What Happens if you don’t have a Property and Financial Affairs Lasting Power of Attorney?
It is a common misconception that a Property and Financial Affairs LPA is only needed due to a serious accident, stroke, or even a degenerative condition such as Alzheimer’s.
If you should lose mental capacity and there is no Property and Financial Affairs LPA in place, your family and friends will not have an automatic authority to make decisions on your behalf with regards to your property and financial affairs. Instead, others could make decisions for you, and the decisions made, may not be what you would have wanted. This can cause disagreements between family members and professionals about what is best for you.
Here are just some things to consider as to what happens If you don’t have a Property & Financial Affairs Lasting Power of Attorney (LPA).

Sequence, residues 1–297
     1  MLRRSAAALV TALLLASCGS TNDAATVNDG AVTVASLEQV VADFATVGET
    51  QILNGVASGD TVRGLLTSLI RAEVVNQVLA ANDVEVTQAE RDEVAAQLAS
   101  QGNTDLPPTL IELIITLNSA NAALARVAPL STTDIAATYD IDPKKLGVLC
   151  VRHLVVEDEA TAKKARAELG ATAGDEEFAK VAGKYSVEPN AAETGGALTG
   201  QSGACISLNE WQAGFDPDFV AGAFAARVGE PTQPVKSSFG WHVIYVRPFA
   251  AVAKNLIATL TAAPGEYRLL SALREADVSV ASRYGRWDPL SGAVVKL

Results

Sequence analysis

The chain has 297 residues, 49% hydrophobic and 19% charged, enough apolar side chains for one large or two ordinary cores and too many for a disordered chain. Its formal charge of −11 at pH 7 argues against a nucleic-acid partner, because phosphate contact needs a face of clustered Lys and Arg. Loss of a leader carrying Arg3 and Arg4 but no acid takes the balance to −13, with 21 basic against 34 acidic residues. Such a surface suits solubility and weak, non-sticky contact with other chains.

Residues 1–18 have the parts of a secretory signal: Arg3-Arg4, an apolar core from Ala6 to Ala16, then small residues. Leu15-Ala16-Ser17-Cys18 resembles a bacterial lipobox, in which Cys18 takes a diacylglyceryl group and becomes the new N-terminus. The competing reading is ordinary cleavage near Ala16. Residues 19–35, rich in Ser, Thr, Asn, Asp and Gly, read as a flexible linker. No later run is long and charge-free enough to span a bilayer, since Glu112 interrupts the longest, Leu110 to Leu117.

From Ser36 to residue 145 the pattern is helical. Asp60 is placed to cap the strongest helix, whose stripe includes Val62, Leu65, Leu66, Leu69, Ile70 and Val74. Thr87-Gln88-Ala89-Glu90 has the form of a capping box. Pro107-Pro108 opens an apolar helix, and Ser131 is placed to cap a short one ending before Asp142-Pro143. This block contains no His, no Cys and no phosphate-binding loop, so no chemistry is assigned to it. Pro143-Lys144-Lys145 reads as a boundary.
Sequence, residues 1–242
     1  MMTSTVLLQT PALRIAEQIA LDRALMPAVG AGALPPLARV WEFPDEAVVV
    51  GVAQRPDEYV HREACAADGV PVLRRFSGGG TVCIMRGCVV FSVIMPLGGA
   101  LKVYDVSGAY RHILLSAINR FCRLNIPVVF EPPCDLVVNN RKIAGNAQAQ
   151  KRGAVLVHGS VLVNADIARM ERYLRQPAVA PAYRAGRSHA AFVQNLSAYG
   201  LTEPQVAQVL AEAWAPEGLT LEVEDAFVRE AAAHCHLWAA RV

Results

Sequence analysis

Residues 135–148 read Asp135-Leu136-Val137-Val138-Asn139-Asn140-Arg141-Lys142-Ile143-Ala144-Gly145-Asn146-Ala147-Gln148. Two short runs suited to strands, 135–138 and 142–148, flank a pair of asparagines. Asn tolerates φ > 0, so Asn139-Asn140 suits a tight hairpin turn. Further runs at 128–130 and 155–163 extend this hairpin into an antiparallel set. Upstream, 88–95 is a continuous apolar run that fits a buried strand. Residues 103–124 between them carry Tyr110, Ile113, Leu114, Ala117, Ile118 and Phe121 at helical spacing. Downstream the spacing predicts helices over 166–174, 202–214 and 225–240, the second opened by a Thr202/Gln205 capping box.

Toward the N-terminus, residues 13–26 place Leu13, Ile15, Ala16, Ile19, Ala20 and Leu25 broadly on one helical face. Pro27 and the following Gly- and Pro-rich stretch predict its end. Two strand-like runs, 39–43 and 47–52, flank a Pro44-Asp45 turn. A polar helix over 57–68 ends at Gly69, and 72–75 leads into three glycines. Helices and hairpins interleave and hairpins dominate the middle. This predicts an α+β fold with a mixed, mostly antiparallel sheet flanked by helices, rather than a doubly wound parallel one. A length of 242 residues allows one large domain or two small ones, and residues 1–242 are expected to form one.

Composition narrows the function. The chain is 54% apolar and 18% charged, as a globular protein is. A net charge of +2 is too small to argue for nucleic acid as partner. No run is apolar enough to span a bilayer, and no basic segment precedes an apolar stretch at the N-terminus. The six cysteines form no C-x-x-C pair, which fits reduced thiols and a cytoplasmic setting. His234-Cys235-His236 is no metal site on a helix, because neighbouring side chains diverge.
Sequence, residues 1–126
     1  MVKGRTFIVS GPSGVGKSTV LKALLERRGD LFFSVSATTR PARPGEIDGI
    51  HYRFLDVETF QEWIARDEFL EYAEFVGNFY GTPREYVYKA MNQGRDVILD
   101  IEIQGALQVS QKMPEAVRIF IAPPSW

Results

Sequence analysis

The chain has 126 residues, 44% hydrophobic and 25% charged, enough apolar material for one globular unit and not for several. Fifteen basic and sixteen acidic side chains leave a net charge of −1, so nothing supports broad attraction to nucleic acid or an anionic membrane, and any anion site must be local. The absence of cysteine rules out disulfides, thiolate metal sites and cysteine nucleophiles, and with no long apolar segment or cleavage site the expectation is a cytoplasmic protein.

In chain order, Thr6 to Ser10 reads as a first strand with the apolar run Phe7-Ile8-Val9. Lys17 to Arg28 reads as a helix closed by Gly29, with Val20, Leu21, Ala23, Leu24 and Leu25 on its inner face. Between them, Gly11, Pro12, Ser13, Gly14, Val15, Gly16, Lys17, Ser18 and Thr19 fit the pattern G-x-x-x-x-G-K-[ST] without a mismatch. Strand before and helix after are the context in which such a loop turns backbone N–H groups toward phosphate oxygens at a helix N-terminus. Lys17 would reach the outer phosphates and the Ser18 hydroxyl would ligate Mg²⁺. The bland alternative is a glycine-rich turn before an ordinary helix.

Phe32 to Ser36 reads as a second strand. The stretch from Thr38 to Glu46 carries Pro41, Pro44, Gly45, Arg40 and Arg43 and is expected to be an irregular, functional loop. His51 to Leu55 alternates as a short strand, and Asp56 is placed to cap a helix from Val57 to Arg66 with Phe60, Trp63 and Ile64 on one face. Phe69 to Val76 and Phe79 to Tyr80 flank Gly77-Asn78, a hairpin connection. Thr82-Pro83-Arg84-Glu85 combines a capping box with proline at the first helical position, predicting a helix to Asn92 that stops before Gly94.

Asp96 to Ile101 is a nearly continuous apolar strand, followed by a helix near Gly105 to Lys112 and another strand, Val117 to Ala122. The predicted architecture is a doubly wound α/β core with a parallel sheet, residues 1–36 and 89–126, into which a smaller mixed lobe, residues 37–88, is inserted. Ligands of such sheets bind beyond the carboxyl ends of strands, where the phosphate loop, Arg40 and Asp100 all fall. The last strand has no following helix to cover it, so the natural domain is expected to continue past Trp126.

- Joint bank account – your bank can remove access and freeze the account without an LPA, even if you and your spouse or partner have all your money in there; and
- Bills cannot be paid unless a kind family member pays on your behalf – but they will not be able to compensate themselves; and
- Your bank accounts cannot be accessed or managed; and
- Benefits cannot be claimed on your behalf; and
- Your home cannot be sold if you need to move into care; and
- Your mortgage deal may expire, and you won’t be able to re-mortgage your property.
What decisions can be made by your Attorneys on your behalf with a Property and Financial Affairs LPA?
Having this LPA in place will give your attorneys the authority to make the following decisions on your behalf:
- Managing bank accounts; and
- Paying bills (i.e. mortgage, rent and other household expenses); and
- Claim income and benefits for you; and
- Making decisions with regards to your home; and
- Buying or selling property to serve your best interests; and
- Managing your investments; and
- Insure, maintain or repair your property.
For further details, please refer to our Lasting Power of Attorney page.